This is a book about how we define knowledge and how we think about moral and political questions. It argues that the prevailing systems of knowledge, morality, and politics are rooted in views that are exclusionary and therefore legitimate injustice, patriarchy, and violence. That is, these views divide humans into different kinds along a hierarchy whose elite still defines the systems that shape our lives and misshape our thinking. Like the first edition ofTransforming Knowledge,this substantially revised edition calls upon us to continue to liberate our minds and the systems we live within from concepts that rationalize inequality. It engages with the past fifteen years of feminist scholarship and developments in its allied fields (such as Cultural Studies, African American Studies, Queer Studies, and Disability Studies) to critique the deepest and most vicious of old prejudices. This new edition extends Minnich's arguments and connects them with the contemporary academy as well as recent instances of domination, genocide, and sexualized violence.* Updated to consider recent scholarship in Gender, Multicultural, Postcolonial, Disability, Native American, and Queer Studies, among other fields of study* Revised to include an extended analysis of the conceptual errors that legitimate domination, including the construction of kinds ("genders") of human beings* Revised to include new materials from a variety of cultures and times, and engages with today's contemporary debates about affirmative action, postmodernism, and religion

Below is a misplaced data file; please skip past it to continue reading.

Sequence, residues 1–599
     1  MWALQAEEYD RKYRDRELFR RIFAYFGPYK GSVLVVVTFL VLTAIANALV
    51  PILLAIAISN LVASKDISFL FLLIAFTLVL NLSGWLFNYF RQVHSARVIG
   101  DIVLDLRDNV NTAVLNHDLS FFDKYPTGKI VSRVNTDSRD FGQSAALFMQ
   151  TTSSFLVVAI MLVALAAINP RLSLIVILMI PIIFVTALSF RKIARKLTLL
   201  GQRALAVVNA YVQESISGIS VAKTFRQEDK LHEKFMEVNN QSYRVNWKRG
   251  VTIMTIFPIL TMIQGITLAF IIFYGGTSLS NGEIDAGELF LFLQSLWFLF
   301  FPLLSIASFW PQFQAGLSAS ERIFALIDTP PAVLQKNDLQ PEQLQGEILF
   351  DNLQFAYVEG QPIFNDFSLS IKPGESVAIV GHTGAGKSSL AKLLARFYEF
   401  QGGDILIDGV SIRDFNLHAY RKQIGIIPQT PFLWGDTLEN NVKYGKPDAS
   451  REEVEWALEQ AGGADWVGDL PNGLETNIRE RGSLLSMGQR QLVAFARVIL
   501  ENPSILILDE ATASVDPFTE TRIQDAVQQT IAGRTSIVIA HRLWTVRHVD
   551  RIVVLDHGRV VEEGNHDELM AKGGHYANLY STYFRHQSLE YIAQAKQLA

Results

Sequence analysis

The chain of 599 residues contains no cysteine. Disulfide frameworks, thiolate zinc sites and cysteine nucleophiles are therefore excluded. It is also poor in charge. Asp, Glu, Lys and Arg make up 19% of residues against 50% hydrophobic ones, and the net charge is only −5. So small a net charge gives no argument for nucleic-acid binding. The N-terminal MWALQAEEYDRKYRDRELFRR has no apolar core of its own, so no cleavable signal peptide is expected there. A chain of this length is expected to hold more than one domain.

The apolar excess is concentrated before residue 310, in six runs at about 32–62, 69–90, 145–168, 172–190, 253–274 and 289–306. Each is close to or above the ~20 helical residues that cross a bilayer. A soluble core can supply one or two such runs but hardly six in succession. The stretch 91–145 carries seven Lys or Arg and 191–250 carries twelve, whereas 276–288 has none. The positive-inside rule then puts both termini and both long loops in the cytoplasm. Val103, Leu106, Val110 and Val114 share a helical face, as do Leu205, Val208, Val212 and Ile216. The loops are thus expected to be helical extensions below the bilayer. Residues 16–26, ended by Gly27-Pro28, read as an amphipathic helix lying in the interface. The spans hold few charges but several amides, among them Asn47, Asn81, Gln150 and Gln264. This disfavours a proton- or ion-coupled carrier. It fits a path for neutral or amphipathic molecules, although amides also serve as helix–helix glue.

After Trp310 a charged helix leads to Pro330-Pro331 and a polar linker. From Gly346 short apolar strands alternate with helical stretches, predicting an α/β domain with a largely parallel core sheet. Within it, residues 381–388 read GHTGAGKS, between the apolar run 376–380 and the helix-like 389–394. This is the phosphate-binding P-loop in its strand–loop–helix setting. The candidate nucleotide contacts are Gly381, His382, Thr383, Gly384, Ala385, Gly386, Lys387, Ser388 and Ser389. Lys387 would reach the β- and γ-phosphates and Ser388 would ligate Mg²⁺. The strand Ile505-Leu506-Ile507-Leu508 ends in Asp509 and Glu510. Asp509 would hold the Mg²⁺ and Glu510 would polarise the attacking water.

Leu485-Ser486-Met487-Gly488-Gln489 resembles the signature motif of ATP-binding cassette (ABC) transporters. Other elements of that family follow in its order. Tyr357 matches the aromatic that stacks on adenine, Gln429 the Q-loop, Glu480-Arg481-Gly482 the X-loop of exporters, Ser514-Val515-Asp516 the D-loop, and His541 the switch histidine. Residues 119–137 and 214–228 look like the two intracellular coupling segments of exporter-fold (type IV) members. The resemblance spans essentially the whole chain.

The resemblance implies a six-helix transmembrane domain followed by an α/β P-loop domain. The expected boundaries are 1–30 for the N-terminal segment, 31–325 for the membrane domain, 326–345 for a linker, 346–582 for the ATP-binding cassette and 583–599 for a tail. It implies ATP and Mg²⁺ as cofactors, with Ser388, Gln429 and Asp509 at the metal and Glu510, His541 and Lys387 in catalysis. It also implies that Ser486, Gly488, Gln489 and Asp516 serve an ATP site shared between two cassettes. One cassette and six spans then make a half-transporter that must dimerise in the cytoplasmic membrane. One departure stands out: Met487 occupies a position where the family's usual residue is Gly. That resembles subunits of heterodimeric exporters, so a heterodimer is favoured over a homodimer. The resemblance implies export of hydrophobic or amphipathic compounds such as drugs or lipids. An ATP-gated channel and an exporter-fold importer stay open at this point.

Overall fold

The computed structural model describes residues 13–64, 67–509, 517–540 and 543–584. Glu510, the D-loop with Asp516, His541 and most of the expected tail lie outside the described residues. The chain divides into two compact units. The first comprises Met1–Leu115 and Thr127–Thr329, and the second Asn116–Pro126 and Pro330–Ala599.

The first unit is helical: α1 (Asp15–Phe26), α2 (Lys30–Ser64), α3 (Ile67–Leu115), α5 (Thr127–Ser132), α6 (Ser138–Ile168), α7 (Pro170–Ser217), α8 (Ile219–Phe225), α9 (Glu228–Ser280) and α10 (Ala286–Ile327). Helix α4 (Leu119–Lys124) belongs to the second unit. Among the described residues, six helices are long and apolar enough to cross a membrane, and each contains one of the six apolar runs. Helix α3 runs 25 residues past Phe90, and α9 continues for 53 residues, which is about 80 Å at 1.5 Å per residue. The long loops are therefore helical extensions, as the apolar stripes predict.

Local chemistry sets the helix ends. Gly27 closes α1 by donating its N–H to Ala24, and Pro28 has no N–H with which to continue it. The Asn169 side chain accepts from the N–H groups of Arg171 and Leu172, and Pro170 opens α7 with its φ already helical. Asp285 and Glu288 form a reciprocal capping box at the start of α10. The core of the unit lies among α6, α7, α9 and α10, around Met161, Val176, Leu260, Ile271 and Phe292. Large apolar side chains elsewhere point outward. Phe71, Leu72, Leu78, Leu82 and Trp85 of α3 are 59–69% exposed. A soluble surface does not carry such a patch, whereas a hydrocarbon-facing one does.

You do not have access to this book on JSTOR. Try logging in through your institution for access.
Log in to your personal account or through your institution.
Table of Contents
Export Selected Citations
Export to NoodleTools
Export to RefWorks
Export to EasyBib
Export a RIS file
(For EndNote, ProCite, Reference Manager, Zotero, Mendeley...)
Export a Text file